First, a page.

Knee Infection* Advice - Two Stage Revision and Cement Spacers


new member
Jan 29, 2023
United Kingdom United Kingdom
Hi all. Looking to get a bit more information as to the current situation and prognosis of my 65 year old mother-in-law, who has recently undergone phase one of a two stage revision.

Her original knee replacement was unsuccessful and resulted in an infection. She has now had the new knee removed and antibiotic cement spacers inserted - as well as receiving a daily drip - to clear the infection. They have told her that she will then likely receive a new knee in the autumn. Her knee is arthritic and the infection has caused some degree of bone loss. To complicate matters further, she is also quite significantly overweight, and has already had her other knee replaced.

Due to several factors - a currently very stretched British healthcare system, poor communication from doctors, and my MiL probably not asking as many questions as she should - she hasn’t really understood the process or its ramifications. She was originally told this procedure was to clear the infection and that it was a temporary solution, but she was also told temporary for some people is keeping the cement spacers for many years, so she has viewed the procedure as much the same as a regular knee replacement and expected to attend physio to regain the bend and relatively normal mobility. She has now been told that this is certainly not the case and movement should be kept to a minimum. This has come as quite a shock to her and potentially renders her housebound for months to come. She may not be in great physical shape but she’s far from a little old lady!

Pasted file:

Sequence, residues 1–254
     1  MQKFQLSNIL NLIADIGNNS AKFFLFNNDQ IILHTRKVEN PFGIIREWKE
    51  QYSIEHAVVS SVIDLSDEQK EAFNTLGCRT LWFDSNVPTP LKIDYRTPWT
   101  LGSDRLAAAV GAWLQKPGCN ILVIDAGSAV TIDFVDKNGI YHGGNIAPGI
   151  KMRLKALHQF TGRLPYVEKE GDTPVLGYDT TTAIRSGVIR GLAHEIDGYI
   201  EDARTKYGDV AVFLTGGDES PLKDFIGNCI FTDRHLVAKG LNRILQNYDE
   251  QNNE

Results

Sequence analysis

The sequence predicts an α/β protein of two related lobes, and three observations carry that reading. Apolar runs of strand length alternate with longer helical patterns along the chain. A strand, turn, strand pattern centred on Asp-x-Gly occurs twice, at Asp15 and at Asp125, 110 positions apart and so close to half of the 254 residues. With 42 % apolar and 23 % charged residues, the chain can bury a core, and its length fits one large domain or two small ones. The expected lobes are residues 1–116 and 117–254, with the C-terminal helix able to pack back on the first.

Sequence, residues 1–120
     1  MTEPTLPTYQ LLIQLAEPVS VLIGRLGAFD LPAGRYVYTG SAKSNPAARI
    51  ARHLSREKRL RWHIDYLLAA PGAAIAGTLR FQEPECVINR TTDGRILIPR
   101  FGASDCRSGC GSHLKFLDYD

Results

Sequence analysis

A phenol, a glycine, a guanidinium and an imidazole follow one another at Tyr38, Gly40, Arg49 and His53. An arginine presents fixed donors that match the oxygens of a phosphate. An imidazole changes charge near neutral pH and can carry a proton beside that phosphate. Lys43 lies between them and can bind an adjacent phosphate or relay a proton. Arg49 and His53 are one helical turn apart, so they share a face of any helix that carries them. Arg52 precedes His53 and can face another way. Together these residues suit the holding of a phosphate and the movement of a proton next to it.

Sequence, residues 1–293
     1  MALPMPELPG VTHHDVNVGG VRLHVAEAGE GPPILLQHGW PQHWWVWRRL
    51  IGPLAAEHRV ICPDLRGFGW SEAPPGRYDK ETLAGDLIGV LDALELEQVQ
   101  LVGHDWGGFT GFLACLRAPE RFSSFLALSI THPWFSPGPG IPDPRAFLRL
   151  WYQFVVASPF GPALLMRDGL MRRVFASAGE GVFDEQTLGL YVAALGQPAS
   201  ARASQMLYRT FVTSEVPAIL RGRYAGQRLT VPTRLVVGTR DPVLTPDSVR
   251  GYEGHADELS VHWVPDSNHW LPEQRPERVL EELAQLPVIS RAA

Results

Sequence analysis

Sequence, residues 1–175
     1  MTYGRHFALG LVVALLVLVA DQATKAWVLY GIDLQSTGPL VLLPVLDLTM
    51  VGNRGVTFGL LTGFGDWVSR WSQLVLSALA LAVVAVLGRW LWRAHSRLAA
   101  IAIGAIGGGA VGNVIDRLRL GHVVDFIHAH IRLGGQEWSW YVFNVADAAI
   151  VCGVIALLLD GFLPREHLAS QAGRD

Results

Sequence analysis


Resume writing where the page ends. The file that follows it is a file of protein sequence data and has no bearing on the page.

Whilst she will be seeing a specialist again next week, could somebody please advise as to how much mobility one should expect to have during the cement spacer phase and what the likely outcome might be in her situation? Should she be walking with a stick, and if so, how far? Or should she not be walking at all? Will she likely ever walk unsupported ever again? Is there a risk of amputation/fusion if the bone degrades further? From what I’ve read, the antibiotics tend to last up to around 12 weeks, so why are they talking about replacing with a new knee in 9 months - that’s a long wait when you’re stuck at home.

We have so many questions and it would be great if somebody could explain the current situation a little more clearly and realistically what the future holds.

Last edited:
Hi and Welcome!

Here is a list of other members who have had infections:

Some members do have a long term “temporary” antibiotic spacer, but most only have that for about 12 weeks, like you said.

Be sure you have your questions written down so you can get answers at this next appointment.

I will leave you our Recovery Guidelines. Each article is short but very informative. Following these guidelines will help you have a less painful recovery.

Just keep in mind all people are different, as are the approaches to this recovery and rehab. The key is, “Find what works for you.“ Your doctors, PTs and BoneSmart are available to help, but you are the final judge as to the recovery approach you choose.